Workers at 40 Chicago area nursing home facilities, including two in Oak Park — Oak Park Oasis, 625 N. Harlem Ave. and Berkeley Nursing & Rehab Center, 6909 W. North Ave. — could go on strike on May 8 to demand higher wages, hazard pay and adequate staffing levels.
“This crisis is not new,” said Greg Kelley, the president of SEIU Healthcare Illinois, which represents the frontline workers, who include receptionists, cooks, nursing assistants and other employees.
“Our members have been working in difficult circumstances for a long time,” Kelley said. “They’ve been underpaid, overworked and understaffed. COVID-19 has brought this reality to the forefront. It’s made a difficult job a dangerous job.”
The workers delivered the strike notices to facilities on Monday. Kelley said the vote to authorize a strike was “overwhelming.”
According to a worker at Oak Park Oasis who requested anonymity, 51 frontline workers at the facility plan on going on strike on May 8. Workers at Berkeley reached by phone on April 29 could not comment on the pending strike.
The worker at Oak Park Oasis, however, confirmed that they’re experiencing conditions similar to Tamika Haynes, a certified nursing assistant at Alden Debes Manor in Rockford.
“I’ve been on the job for 17 years and make only $16.76 an hour,” she said during a videoconference on April 29. “In most professions that require training and experience, you expect to get decent wages as the years go by. Not us. We’re just getting deeper in the hole. And I have a lot of coworkers who make less.”
According to the Illinois Department of Public Health, as of April 24, there have been 15 reported cases of COVID-19 and four deaths at Oasis Oak Park. The state did not show any reported COVID-19 cases at Berkeley.
In a statement released April 27, SEIU officials said the union members’ contract covering the 40 facilities is set to expire May 1.
“Workers were hopeful that the Illinois Association of Health Care Facilities would agree to a one-year agreement with modest and reasonable accommodations to address the extreme risks and challenges workers now face as a result of working on the frontline of a pandemic,” according to the statement.
The workers are calling for $15 an hour and $16 an hour for CNA’s; a 50 percent hazard pay bonus for working during the pandemic; an additional 80 hours of paid sick leave for COVID-19 or related illnesses; better training; more personal protective equipment; and “provisions for continued health care coverage for any vulnerable workers who have to take leave from their job to protect themselves and their families.”
Kelley said that a federal mediator has gotten involved in the negotiations.
“Today is our first virtual face-to-face negotiation for some time,” Kelley said during Wednesday’s videoconference. “We’ve indicated that we’re prepared to meet as often as necessary to avoid a strike. As someone who has been on the strike line a bunch of times in normal circumstances, going out on strike isn’t easy. Going out on strike during pandemic is infinitely more difficult.”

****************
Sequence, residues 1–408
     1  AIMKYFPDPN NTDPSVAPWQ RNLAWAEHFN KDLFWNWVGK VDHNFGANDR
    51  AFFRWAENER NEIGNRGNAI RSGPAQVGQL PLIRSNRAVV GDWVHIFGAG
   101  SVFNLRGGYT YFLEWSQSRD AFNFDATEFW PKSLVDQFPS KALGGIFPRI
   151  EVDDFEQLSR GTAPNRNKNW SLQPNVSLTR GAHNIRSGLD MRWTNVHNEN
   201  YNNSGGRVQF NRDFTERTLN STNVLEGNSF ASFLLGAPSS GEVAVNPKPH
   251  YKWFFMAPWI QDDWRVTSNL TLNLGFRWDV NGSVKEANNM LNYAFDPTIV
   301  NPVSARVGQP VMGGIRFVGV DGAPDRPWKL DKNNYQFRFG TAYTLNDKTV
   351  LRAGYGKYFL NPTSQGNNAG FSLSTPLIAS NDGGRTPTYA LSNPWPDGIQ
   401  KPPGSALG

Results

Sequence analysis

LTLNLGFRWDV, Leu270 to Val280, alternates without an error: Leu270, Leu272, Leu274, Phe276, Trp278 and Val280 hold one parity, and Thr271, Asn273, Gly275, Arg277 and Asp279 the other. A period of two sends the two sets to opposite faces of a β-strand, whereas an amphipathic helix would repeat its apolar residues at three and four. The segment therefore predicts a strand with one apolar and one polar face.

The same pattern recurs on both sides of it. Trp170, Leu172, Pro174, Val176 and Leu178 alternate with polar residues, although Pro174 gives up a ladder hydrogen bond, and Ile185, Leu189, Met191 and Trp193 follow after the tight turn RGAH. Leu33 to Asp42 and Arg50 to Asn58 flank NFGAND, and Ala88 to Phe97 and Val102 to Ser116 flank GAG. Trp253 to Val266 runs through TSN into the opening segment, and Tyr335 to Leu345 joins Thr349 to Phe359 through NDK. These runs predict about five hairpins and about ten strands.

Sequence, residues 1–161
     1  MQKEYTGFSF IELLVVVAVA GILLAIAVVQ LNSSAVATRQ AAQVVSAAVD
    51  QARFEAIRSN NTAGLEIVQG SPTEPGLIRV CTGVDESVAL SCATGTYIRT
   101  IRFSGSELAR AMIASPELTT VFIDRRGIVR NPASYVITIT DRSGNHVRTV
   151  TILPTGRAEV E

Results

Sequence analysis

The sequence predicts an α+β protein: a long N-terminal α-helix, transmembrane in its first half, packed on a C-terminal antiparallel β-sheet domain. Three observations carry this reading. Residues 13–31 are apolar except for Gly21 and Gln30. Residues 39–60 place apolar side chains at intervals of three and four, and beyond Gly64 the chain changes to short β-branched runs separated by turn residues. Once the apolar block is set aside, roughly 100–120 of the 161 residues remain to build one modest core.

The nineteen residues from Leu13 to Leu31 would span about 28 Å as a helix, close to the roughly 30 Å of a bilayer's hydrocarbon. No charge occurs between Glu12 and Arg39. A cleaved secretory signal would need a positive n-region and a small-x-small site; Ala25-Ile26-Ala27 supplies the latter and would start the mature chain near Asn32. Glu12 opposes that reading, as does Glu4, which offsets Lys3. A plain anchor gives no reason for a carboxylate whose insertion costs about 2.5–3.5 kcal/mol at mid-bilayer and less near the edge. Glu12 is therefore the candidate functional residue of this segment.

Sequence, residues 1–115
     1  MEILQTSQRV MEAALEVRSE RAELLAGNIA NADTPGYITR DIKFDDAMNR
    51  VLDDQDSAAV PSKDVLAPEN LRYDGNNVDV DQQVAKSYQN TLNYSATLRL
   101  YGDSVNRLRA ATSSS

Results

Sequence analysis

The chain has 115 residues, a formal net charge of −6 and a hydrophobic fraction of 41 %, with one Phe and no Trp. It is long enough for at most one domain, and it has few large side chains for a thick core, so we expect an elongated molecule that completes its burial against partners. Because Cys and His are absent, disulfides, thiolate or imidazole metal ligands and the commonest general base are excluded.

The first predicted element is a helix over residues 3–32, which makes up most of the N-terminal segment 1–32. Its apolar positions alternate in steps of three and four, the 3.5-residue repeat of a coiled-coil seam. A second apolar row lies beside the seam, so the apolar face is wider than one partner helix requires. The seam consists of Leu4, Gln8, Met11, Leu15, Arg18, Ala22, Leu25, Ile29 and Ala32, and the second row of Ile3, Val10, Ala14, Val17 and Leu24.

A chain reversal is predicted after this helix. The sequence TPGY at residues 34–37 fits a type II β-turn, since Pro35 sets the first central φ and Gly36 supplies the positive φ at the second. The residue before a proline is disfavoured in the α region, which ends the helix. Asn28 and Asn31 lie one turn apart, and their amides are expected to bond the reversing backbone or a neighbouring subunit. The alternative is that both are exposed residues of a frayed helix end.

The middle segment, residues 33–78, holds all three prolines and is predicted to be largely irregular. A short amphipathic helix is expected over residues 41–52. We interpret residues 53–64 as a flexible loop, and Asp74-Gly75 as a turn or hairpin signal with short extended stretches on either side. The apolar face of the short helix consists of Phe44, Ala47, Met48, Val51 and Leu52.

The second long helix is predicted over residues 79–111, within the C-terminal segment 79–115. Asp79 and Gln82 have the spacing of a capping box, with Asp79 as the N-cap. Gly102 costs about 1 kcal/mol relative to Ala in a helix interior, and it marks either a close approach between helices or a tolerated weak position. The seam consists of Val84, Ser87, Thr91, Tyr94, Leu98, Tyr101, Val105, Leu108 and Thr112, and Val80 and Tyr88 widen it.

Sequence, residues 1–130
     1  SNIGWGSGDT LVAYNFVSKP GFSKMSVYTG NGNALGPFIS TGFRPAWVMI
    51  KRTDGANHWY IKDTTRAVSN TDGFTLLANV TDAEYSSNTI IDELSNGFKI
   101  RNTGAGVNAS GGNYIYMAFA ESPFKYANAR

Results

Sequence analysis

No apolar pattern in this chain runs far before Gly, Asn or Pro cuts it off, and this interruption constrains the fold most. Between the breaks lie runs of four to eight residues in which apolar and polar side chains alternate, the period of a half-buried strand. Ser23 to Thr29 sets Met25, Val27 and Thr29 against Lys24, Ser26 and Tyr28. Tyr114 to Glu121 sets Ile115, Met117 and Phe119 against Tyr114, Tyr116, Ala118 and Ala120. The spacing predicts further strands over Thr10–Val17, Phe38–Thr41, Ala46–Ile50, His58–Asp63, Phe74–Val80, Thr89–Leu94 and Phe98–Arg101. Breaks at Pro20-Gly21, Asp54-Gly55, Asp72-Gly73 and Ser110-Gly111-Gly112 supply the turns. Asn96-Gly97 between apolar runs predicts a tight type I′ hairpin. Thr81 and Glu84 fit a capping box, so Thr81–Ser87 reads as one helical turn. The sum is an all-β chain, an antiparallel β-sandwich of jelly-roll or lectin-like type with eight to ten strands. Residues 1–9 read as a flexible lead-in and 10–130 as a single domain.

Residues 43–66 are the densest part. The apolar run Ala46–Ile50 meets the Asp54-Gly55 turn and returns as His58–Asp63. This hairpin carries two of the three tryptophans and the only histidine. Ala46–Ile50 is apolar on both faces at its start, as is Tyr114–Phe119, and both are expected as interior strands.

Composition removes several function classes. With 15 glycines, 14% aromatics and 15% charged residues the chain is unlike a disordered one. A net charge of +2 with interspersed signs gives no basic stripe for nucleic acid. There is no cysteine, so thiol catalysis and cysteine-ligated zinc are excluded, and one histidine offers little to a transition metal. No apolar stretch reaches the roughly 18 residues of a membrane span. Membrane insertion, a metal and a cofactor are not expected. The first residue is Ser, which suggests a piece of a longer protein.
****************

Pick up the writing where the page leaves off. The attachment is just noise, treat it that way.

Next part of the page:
Kelley said the union is “prepared to do what’s necessary over the next nine days to avert a strike,” but that the union is serious about the workers’ demands.
Bob Molitor, the CEO of The Alden Network of nursing homes who sits on the board of the Illinois Association of Health Care Facilities, wrote in a letter to state lawmakers that the association “offered an 11 percent one-year pay hike, stable employee health insurance contributions, earlier access to sick days, paid sick time during the pandemic in addition to contractual sick leave, creation of a training fund, and more for certified nursing assistants, dietary, activity, laundry and housekeeping employees,” according to an April 27 Chicago Tribune report.
“We sincerely hope the union is not using this once-in-a-lifetime crisis to incite a walk-out and put our seniors at even greater risk,” Molitor stated in the letter.
First District Cook County Commissioner Brandon Johnson, whose district covers Oak Park, said during Wednesday’s videoconference that he stands with the front-line workers.
“We are as elected officials are calling upon the nursing home owners to settle this contract with the provisions that are needed to safeguard the workers and the residents,” Johnson said.
“The majority of nursing home workers are African-American, black women in particular. It’s clear that the higher risk factor of COVID-19 are people within my district. The black community that has borne the brunt of not just this crisis, but others … We are calling on the leadership of these facilities do what’s right by workers.”